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Exclusive : It’s three weeks today until the Innovation Festival opens at Cannes … by Susan Perolls

by on June 1, 2016 in Advertising, Business, Digital Marketing, Entertainment, Events, Events & Awards, Lead Article, News you can use, Nuggets, Research, Rock 'n Roll, Social Media, Tech, Uncategorized, Virtual Reality

Exclusive : It’s three weeks today until the Innovation Festival opens at Cannes  … by Susan Perolls

By Susan Perolls, Cannes Innovation Correspondent for TheMarketingblog

It’s three weeks today until the Innovation Festival opens at Cannes, and so it feels that the countdown can finally begin. And with that, comes the excitement of anticipating what will be the biggest news and innovations we’ll see.

Given that the main Cannes Lions Advertising Festival is often called the ‘Grand Dame’ of industry events, it’s probably fair to say that the Innovation Festival, being in its second year, is seen by many as the upstart of La Croisette. It doesn’t yet have the kudos of its mother, not so far attracting the headline pullers like Gwyneth Paltrow, David Droga and Will Smith who are speaking at the main Festival.

And yet, Innovation – billed as data x tech x ideas – certainly made a lot of the headlines last year. Not least with a flurry of commentators somewhat hysterically predicting the role of ad tech in the downfall of creativity, disparagingly calling the sponsored yachts AdTech Row and bemoaning the takeover of the beach by the likes of Google and Twitter (but then being seen enjoying the parties of the same!).

That was a shame, but what was great was the recognition in both conference talks and also at the Innovation Awards about how technology, data and creativity doesn’t just allow companies to do things better, but to do good.

Campaigns and organisations under the spotlight included Kano with its computer coding kit for kids, NASA embracing gamers and empowering them to spot dangerous asteroids before they threaten the Earth (Apophis 2029) and Innovation Grand Prix winners What3Words whose global addressing system allows people disadvantaged as a result of not having an address to now apply for jobs, benefits and receive humanitarian aid.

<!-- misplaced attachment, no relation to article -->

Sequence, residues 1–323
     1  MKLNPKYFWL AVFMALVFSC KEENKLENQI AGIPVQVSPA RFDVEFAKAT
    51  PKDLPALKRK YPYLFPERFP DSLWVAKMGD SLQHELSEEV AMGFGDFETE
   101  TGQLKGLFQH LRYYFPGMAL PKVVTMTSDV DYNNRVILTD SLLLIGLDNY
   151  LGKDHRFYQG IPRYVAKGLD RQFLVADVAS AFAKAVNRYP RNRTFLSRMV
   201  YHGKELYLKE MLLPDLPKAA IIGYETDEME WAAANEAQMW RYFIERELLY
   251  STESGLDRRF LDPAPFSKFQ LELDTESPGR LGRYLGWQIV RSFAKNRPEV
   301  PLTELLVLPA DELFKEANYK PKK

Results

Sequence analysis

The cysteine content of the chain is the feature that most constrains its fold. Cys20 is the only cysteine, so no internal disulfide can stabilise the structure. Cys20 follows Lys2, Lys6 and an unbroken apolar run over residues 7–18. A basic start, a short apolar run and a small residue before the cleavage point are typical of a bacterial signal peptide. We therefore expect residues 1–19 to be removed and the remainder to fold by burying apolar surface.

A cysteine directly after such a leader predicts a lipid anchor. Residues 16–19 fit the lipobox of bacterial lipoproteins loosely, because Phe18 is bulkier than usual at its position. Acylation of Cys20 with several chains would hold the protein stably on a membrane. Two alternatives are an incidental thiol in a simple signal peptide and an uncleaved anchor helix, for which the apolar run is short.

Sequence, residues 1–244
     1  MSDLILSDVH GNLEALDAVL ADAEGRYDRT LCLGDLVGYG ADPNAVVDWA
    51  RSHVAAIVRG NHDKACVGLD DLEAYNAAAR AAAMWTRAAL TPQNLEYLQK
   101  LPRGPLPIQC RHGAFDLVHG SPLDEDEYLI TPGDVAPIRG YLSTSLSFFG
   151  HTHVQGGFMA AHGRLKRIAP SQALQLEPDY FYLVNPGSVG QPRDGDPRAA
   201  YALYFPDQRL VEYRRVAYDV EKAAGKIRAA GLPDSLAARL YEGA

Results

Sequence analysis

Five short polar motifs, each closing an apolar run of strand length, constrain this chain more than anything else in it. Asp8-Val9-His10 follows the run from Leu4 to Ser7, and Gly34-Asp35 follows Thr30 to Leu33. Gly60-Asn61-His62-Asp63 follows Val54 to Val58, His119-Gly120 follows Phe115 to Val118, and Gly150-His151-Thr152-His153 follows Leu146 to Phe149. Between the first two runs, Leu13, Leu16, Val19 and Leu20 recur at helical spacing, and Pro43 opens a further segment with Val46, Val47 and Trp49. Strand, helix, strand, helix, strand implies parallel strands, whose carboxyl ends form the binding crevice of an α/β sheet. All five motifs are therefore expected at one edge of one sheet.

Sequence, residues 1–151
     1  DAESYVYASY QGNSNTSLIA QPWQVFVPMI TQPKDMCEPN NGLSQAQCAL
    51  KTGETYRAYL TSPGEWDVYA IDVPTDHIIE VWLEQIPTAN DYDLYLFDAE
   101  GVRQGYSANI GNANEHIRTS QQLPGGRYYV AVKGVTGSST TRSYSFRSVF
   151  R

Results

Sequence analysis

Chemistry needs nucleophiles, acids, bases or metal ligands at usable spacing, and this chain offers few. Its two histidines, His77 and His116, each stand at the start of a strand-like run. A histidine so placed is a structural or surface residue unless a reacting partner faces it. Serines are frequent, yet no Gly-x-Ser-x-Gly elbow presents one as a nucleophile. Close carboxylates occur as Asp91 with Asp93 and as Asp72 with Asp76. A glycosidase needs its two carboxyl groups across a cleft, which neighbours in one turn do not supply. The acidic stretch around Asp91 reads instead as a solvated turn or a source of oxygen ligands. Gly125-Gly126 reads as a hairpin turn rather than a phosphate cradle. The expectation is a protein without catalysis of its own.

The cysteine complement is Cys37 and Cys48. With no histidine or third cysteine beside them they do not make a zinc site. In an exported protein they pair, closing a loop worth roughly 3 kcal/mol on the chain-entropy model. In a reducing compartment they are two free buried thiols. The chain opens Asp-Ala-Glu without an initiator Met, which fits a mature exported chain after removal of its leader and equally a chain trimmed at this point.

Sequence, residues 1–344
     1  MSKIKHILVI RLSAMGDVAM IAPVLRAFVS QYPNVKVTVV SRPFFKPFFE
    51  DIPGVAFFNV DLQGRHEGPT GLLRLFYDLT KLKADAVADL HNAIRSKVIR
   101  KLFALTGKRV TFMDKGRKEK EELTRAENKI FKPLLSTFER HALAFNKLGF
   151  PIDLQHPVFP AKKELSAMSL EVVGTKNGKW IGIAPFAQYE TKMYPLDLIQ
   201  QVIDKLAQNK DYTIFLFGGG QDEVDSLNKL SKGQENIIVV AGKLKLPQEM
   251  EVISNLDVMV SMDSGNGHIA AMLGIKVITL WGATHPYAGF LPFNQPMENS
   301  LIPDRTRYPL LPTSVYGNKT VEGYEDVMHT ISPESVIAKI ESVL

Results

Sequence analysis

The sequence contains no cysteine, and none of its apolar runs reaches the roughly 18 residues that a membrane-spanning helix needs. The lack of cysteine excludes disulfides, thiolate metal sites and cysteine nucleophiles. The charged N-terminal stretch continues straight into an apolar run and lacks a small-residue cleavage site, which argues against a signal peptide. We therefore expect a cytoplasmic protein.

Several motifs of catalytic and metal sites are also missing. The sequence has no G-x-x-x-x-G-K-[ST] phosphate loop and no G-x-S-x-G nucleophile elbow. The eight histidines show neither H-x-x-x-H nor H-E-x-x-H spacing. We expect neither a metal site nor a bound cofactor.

So what are going to be the biggest items of interest at Cannes Innovation 2016?

It will be fascinating to navigate the technology under the spotlight and evaluate what innovations are truly groundbreaking and empowering to marketers – versus what is tech for tech’s sake.

The Internet of Things will be high on the agenda as its transformative power feels so close, and yet its potential still feels distant (Renault’s talk on how its cars are being turned into all-singing-all-dancing consumer engagement tools sounds a must). And as always, it will be fun to spot the best job titles on show, with ‘Cyborg Anthropologist’ being an early entry at the top of the list, having scanned the agenda.

However, one of the biggest areas of excitement and debate looks to be the so called ‘fourth dimension’ – identifying and measuring ways to tap into and react to our emotional state. Pixar, Spotify and Uncanny Valley are all talking about different ways of delving into our subconscious to unlock our emotions – be it with filming that is guaranteed to tug at our heartstrings, or with playlists delivered to us that perfectly fit our moods in real time.

This is groundbreaking stuff that will surely interest everyone, whether they are tech heads or creatives at heart.

In a talk being given by Facebook called ‘3 Seconds to Win’, they reveal research that shows humans have a shorter attention span than a goldfish. It’s an unsettling fact – but one that suggests that perhaps this year’s Cannes Innovation will create a rapprochement between ad tech and creativity.

When you only have three seconds to capture consumer imagination you have to bring together insight and great ideas and then deliver them personally to where the consumer wants to see them.  Technology is fundamental in facilitating this and is providing an essential element in the innovation that helps stimulate creativity.

As it rightly says on the Cannes Innovation website, it’s our minds, not technology, that are the barriers.

By Susan Perolls, Loudmouth PR and Cannes Innovation Correspondent for TheMarketingblog http://www.loudmouthpr.co.uk

 

 

 

 

 

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